'Common man' Arvind Kejriwal's party named Aam Aadmi Party

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New Delhi:  Two months after he announced his decision to launch a political party, activist-turned-politician Arvind Kejriwal finally named his party today - the Aam Aadmi Party.

In the presence of over 300 members, at its first formal meeting, Mr Kejriwal announced the name of his party. With that, a national council of the party has been set up and the party constitution formally adopted.

The national council will next elect a 30-member national executive which will be the party's highest decision-making body.

Interestingly, the party will not have a President, Vice President or General Secretary, but will have only a national convenor who will be elected by the national executive. The reason? Mr Kejriwal says his party is for the aam addmi or common man. It will not have a "high command style of functioning"; there will be no "hierarchical structures".

The National council meeting is taking place at the Constitution Club, in the heart of the national capital. This will be followed by a "youth rally" on Sunday, from Rajghat to Shaheed Park.

Monday is the big day when the Aam Aadmi Party will be formally launched at Jantar Mantar, the venue of many of Mr Kejriwal's and India Against Corruption's (IAC) protests. Mr Kejriwal's close aides say, all those who turn up at Jantar Mantar on Monday will be treated as founding members of the party.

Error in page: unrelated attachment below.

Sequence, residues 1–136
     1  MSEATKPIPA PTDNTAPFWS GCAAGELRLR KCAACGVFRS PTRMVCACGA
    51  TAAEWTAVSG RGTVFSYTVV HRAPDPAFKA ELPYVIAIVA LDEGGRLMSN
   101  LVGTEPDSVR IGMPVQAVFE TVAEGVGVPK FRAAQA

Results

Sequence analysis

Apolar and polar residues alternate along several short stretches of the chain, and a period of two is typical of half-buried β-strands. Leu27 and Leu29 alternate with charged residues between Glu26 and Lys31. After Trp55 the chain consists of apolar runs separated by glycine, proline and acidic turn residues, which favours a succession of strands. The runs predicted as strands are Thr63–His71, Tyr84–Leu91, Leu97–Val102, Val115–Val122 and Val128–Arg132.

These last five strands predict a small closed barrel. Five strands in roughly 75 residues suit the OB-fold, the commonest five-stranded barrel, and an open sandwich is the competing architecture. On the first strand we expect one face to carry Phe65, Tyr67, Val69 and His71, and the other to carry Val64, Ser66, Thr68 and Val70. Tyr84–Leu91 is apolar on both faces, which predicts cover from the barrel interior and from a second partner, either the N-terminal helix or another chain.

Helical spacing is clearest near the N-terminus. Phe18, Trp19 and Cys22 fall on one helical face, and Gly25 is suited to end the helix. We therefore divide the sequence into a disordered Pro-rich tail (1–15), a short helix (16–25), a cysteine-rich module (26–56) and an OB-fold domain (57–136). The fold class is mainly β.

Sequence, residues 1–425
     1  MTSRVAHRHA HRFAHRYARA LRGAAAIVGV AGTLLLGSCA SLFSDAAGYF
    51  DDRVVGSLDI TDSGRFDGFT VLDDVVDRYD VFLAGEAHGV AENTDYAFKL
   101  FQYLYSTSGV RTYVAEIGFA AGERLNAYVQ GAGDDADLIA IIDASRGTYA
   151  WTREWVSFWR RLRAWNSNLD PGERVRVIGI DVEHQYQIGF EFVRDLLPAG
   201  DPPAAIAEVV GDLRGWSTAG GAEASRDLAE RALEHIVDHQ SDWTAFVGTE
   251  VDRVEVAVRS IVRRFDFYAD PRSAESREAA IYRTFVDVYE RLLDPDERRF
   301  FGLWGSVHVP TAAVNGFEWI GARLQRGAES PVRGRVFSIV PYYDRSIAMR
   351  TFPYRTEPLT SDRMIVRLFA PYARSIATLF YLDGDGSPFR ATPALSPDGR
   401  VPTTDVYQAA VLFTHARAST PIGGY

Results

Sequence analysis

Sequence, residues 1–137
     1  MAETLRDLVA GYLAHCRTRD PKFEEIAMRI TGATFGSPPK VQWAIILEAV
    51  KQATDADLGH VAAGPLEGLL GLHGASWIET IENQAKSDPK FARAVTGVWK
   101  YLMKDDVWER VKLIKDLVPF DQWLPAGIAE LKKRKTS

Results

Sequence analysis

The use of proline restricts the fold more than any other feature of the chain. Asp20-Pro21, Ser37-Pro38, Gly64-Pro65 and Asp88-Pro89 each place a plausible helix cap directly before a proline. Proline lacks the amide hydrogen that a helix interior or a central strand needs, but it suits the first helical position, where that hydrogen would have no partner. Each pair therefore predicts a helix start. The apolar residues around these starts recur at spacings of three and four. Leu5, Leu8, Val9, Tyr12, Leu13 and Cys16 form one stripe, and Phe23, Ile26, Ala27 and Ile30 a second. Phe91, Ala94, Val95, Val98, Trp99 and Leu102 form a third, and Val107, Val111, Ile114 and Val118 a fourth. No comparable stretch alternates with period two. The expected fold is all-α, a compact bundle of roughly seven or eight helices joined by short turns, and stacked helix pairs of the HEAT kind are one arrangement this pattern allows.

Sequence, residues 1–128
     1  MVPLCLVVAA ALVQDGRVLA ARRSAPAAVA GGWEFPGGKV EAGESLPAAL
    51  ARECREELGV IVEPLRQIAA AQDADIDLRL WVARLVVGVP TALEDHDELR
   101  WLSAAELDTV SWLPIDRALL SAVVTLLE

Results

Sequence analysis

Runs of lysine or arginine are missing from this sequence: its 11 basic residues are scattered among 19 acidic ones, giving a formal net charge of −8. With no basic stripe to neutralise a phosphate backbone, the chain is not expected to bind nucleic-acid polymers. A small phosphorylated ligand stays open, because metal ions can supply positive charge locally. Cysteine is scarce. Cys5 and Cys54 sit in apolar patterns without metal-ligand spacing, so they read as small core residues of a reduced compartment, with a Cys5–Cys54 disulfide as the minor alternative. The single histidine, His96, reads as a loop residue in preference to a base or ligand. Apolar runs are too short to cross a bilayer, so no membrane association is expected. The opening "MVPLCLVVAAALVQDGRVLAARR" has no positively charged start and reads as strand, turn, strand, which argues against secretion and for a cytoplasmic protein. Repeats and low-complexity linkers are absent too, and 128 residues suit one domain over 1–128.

Interestingly, the meeting is taking place behind closed doors, with the media waiting outside, for an official announcement. A press conference is expected at 5 pm today when more details will be shared with the media.  

What's also interesting is the date of the party's launch - November 26. It's the day the Constitution of India was adopted in 1949. The party will also draw heavily from the Constitution.

"Wednesday night, we were writing the objectives of the new party and I said it will be great if we can base it on the preamble of the Indian Constitution. If we can live up to the Constitution there is nothing like that. We have a ready preamble there," Yogendra Yadav, member of core team of Kejriwal's upcoming party, had said.

As far as the party symbol is concerned, many suggestions are being considered. Among them, a book, that would signify the Constitution. Some have even suggested that mango should be the party's symbol as it symbolises the aam aadmi.  

Congress' Manish Tiwari, meanwhile, reacting to the name, said "Aam admi has been our slogan, no one can take that from us."

Mr Kejriwal's decision to enter politics had led to a parting of ways with his mentor, Anna Hazare. The activist-turned-politician had earlier said that his group will not use 'India Against Corruption' (IAC) as its name after the formation of his political party on November 26. Anna had laid claim to that name.

Mr Kejriwal's decision to launch what he describes as "a political alternative" was announced in August, when the India Against Corruption movement that Anna and he had headlined appeared to be dissipating in public. Mr Kejriwal was at the time on a six-day fast in Delhi. The crowds at his base camp were thin. The government ignored him, refusing to urge him to eat, or to talk about when the Lokpal bill - named for the new anti-graft body it births- would be cleared as law. It has passed in the Lok Sabha, but has been stalled in the Rajya Sabha.

So just how will Mr Kejriwal's party be different from the rest? Will it have the blessings of Anna Hazare? And will it be able to deliver on the big promises made to the aam aadmi? Only time will tell.

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